It's cookie baking season.

Here are two new recipes to add to your repertoire, whether you're planning a cookie swap or not.

The eccles cakes are particularly easy to make in larger batches.

Chocolate espresso shortbread

Freshly ground coffee can go directly into shortbread dough. Beating it along with the butter and sugar will spread the flavour further. You'll still get little bits of coffee in each bite, along with dark chocolate.

Chocolate espresso shortbreads

By creating a dent in the middle, you can make your cookies resemble coffee beans. (Julie Van Rosendaal/CBC)


1 cup butter, at room temperature

¾ cup icing sugar

1 tbsp (or more) ground coffee

1 ¾ cups all-purpose flour

¼ cup cornstarch

Pinch of salt

¼ to ½ cup finely chopped dark chocolate


Preheat the oven to 325˚F.

In a large bowl, beat the butter, icing sugar and coffee for two to three minutes, until pale and light.

Add the flour, cornstarch and salt and stir by hand or beat on low speed.

Add chopped chocolate as you stir, until the dough comes together. It will look dry so you may have to get in there and scrape down the sides of the bowl. Even get in there with your hands.

Roll the dough into walnut-sized balls, then squeeze them a little to make an oval shape.

Place the balls on a parchment-lined sheet.

Chocolate espresso shortbread

Chocolate espresso shortbread can be made without coffee if you prefer. (Julie Van Rosendaal/CBC)

Press down the middle with a bamboo skewer or chopstick to make them resemble coffee beans.

Bake for 12 minutes, or until pale golden around the edges on the bottom.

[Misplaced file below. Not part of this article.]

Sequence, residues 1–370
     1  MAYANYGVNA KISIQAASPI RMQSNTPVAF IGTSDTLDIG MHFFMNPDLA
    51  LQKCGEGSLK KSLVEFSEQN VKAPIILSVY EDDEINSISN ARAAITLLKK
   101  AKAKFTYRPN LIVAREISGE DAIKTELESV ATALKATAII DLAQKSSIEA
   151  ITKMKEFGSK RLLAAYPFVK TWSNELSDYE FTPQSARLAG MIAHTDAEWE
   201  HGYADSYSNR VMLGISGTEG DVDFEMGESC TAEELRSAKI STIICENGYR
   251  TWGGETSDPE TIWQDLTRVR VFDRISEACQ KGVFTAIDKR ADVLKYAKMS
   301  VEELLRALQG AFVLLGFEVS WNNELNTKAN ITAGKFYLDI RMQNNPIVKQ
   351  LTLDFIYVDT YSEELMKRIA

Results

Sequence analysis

Serving: Makes about 1 ½ dozen cookies.

Alternatively, if you want to skip the coffee, leave it out of the shortbread. Or you can replace it with a bit of grated orange zest.

Shape the dough into balls.

Press with the bottom of a glass to flatten before baking or press the dough into an eight or nine-inch square baking pan.

Prick all over the top with a fork and bake for 20-25 minutes, until golden.

Cut into squares while they're still a bit warm.

Eccles cakes

While these technically aren't cookies, they're just like cookies: small sweets you can nibble out of hand.

They're easier to make than most, particularly if you start with pre-rolled puff pastry dough.

Spread butter, brown sugar and currants — or even chopped dried cranberries or cherries, candied citron. Anything goes. Dust with a shake of cinnamon.

Eccles cakes

Eccles cakes can be filled with dried cranberries, cherries or candied citron. (Julie Van Rosendaal/CBC)


½ package of frozen puff pastry, thawed

½ cup currants

¼ cup packed dark brown sugar

2 tbsp butter, softened

Pinch of cinnamon (optional)

1 egg, lightly beaten

Regular or coarse sugar, for sprinkling


Preheat the oven to 375˚F.

On a lightly floured surface, roll the puff pastry out to a large rectangle or square. It should be big enough so the pastry is about ¼-inch thick. Or unroll it, if it's pre-rolled.

Mix together the currants, brown sugar and butter. Spread over one half of the pastry.

Or mix the butter and sugar. Spread that over the pastry and sprinkle with currants. It doesn't much matter.

Eccles cakes

Roll the pastry gently until the currants start poking out. (Julie Van Rosendaal/CBC)

Fold the pastry over to cover the filling.

Roll gently with the rolling pin almost until the currants poke through the surface.

Cut into squares or rectangles — any size you like — with a sharp knife.

Transfer to a parchment-lined baking sheet.

Brush with egg.

Eccles cakes

Brush the cakes with egg and cut a few shallow slits on the top of each. (Julie Van Rosendaal/CBC)

Cut a few slits in the top of each with a sharp knife. Be careful not to go all the way through.

Sprinkle with regular or coarse sugar.

Bake for about 15 minutes, until golden.

Serving: Makes about one dozen eccles cakes, depending on their size.

With files from the Calgary Eyeopener

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